Dollar Shave Club Co-founder and CEO Michael Dubin (01C) is set to deliver the keynote address at Emory University’s 173rd commencement ceremony May 14, according to Assistant Director of Media Relations Megan McRainey. Emory will confer Dubin an honorary doctor of business degree.
Dubin received his bachelor’s degree in history from Emory College of Arts and Sciences and was a member of Pi Kappa Alpha fraternity.
The Dollar Shave Club, co-founded by Dubin and Mark Levine in 2011, offers a subscription service that distributes affordable razors and other grooming products through the mail. With a viral online advertising campaign, the Dollar Shave Club garnered millions of views on social media. Unilever purchased the California-based company for $1 billion in 2016, according to Fortune.
Dubin was named an EY entrepreneur of the year in the greater Los Angeles area in 2016. He is also a member of the Accelerator for America’s advisory council for economic development, which is chaired by Los Angeles Mayor Eric Garcetti. He worked at as an associate producer at MSNBC from 2002-2003, a marketing associate for Time Magazine from 2004-2007, a digital marketing director from 2010-2011 and director of marketing and business development from 2010-2011, according to Dubin’s LinkedIn.
University President Claire E. Sterk said that Dubin “brings to Commencement a wealth of business and marketing knowledge, a continued commitment to the success of Emory students, and the extremely relatable experience of having been an Emory student himself 17 years ago” in a Feb. 12 statement sent to the Wheel.
Sterk chose the four candidates who are given an honorary degree from a pool of nine approved award recipients, according to the University Senate’s Honorary Degrees Committee Chair and Jimmy Carter Professor of History Joseph Crespino. The Committee looks for “extraordinary excellence and character as demonstrated by notable achievement in a field of learning, the arts, the professions or public service,” according to the University Senate’s website.
This year, the committee received about 20 nominations, according to Assistant Director of Board Administration Laura Perry-Bates. Emory faculty, staff, students and alumni can submit nominations for honorary degree recipients. Nominations remain active for five years, Crespino said.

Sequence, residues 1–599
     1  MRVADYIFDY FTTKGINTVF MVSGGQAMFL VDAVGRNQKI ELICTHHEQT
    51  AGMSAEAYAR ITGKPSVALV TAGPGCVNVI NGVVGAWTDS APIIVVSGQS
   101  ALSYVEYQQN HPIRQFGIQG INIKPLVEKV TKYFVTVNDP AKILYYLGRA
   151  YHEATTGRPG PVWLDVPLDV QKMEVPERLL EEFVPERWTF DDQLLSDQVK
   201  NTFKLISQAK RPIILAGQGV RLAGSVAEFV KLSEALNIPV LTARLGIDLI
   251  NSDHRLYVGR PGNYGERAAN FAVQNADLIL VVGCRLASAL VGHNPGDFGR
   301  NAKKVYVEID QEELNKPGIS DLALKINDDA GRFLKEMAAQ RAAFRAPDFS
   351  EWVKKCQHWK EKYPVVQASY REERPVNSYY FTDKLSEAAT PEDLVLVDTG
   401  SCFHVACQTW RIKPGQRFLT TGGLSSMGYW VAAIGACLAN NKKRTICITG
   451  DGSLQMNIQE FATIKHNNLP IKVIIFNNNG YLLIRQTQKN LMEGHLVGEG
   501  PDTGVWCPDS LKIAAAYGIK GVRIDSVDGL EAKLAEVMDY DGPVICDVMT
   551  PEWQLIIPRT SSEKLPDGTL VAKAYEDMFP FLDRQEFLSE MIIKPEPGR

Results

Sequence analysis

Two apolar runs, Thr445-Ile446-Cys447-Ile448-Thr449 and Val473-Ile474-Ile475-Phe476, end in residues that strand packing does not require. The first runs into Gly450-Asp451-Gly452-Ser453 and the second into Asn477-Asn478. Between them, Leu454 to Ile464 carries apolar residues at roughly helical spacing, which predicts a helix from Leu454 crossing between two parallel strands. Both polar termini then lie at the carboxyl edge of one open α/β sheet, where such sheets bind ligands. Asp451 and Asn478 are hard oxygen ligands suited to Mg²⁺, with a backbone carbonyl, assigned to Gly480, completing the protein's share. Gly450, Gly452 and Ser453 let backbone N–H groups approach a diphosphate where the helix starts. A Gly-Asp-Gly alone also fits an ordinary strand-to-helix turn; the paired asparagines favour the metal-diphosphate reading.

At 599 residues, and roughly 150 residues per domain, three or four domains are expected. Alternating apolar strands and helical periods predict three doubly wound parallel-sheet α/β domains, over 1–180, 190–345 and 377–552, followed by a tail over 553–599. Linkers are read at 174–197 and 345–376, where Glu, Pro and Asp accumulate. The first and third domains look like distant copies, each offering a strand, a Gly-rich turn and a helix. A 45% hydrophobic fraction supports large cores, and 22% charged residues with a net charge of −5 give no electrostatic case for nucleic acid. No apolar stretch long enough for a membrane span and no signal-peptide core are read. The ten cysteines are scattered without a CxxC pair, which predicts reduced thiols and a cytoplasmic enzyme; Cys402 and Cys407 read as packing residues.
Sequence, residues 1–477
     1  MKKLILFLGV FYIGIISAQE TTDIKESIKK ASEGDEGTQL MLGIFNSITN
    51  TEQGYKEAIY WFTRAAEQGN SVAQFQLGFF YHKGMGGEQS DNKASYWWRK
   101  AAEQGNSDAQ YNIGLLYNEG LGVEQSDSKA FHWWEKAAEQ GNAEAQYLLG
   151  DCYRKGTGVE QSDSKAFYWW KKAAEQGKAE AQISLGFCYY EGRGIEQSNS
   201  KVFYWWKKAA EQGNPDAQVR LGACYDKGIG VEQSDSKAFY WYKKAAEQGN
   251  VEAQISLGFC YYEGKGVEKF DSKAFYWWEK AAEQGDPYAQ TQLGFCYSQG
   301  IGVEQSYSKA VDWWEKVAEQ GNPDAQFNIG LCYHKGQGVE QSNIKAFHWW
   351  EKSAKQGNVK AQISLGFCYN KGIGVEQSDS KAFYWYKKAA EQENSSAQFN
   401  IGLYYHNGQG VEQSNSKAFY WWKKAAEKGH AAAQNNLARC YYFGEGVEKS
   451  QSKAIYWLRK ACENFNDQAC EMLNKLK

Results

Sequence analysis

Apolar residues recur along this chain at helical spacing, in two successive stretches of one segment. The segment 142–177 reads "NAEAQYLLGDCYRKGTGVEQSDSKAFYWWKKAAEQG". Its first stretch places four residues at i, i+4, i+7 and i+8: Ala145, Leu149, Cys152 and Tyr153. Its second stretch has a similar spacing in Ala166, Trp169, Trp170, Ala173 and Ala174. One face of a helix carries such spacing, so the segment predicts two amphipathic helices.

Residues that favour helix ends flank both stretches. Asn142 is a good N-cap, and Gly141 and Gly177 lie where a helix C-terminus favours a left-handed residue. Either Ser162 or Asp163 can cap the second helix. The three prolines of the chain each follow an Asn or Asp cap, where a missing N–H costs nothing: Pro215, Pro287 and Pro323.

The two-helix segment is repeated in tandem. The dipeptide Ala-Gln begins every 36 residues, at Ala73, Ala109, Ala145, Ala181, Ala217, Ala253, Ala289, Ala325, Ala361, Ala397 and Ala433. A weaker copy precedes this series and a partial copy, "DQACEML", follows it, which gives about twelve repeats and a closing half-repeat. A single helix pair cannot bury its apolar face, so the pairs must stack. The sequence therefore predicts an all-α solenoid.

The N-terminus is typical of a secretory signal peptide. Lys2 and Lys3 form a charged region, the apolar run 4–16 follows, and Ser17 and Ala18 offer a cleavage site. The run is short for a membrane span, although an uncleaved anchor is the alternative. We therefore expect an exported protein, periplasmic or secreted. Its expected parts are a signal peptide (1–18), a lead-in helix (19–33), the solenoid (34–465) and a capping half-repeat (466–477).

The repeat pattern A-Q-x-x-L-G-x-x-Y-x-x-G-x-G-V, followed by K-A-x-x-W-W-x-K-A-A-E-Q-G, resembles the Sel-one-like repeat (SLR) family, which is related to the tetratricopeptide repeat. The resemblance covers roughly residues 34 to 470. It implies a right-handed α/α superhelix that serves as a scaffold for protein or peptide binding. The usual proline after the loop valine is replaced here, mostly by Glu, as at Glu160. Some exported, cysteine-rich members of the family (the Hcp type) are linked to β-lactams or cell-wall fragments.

Erica Goldman (18B) said she was excited when she found out that Dubin was selected to deliver the keynote address at commencement.
“As a senior in the Business School who’s taking a venture capital and private equity class, [hearing Dubin speak] will be really exciting and inspirational for me,” Goldman said.
Other students were not as happy about the commencement speaker selection. Tanushree Khanna (18B) said she found the announcement disappointing.
“After we’ve had people like Salman Rushdie, it’s a little bit of a downer,” Khanna said.
Recent commencement speakers include former U.S. poet laureate Natasha Trethewey in 2017, epidemiologist William Foege in 2016, novelist Salman Rushdie in 2015 and U.S. Rep. John Lewis (D-Ga.) in 2014.
Human rights attorney Gay J. McDougall, Atlanta Food Bank founder Bill Bolling and artist Carmen de Lavallade will also receive honorary degrees at the commencement ceremony.
McDougall fought apartheid in South Africa and served as a member of the South African governmental body that administered the nation’s first democratic election. De Lavallade worked as the principal dancer with the Metropolitan Opera. Bolling is also a charter member of Feeding America.
UPDATE (2/12/18 at 7:54 p.m.): The article was updated with Sterk’s statement.
UPDATE (2/13/18 at 6:55 p.m.): The article was updated to reflect student reactions.